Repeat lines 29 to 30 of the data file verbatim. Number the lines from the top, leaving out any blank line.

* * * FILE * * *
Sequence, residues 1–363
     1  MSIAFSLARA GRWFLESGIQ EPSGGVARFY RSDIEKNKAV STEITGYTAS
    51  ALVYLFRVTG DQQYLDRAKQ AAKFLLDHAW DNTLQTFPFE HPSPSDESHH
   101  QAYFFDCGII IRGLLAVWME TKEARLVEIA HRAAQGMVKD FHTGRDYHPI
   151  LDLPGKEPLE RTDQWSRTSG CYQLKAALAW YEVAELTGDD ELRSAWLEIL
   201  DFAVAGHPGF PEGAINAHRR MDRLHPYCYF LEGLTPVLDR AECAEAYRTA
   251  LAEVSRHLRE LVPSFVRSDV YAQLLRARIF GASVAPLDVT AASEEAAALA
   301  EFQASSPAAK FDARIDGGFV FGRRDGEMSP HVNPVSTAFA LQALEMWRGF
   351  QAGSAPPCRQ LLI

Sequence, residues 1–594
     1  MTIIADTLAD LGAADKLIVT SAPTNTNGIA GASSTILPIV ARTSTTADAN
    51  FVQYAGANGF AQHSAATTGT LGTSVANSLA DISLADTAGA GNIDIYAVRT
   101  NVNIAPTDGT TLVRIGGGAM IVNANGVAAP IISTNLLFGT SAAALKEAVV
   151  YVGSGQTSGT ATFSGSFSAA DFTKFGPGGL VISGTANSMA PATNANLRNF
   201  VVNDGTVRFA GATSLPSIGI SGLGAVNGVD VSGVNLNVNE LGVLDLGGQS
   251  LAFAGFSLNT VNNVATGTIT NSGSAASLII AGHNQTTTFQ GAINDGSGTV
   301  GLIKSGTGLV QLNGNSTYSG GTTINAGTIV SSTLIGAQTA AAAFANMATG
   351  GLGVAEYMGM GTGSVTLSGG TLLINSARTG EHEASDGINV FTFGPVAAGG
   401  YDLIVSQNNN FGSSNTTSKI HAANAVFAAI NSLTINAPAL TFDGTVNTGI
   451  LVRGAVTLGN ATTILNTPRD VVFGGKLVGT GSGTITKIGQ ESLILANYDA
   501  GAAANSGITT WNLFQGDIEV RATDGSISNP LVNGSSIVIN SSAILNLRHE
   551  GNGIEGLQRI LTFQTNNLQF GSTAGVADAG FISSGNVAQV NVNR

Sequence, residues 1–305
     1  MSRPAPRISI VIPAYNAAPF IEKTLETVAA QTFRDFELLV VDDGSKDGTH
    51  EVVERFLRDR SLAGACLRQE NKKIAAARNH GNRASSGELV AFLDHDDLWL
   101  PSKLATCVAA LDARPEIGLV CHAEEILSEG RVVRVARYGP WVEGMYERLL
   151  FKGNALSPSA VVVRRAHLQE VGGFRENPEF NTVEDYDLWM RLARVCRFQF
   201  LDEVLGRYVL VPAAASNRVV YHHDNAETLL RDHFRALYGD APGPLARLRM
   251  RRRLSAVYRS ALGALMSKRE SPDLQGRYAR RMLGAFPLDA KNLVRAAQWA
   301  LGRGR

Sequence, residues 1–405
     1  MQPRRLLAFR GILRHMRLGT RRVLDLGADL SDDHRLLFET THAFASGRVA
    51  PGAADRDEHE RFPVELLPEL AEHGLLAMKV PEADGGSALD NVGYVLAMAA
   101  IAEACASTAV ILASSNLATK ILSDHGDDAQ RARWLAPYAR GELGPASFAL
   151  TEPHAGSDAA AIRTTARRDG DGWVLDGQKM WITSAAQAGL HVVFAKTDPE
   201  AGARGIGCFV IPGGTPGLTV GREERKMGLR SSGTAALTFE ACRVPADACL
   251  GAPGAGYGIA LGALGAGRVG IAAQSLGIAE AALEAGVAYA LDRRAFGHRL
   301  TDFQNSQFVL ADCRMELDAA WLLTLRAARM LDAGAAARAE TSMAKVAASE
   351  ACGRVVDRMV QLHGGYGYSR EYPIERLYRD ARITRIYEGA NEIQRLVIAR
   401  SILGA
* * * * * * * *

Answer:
   251  RRRLSAVYRS ALGALMSKRE SPDLQGRYAR RMLGAFPLDA KNLVRAAQWA
   301  LGRGR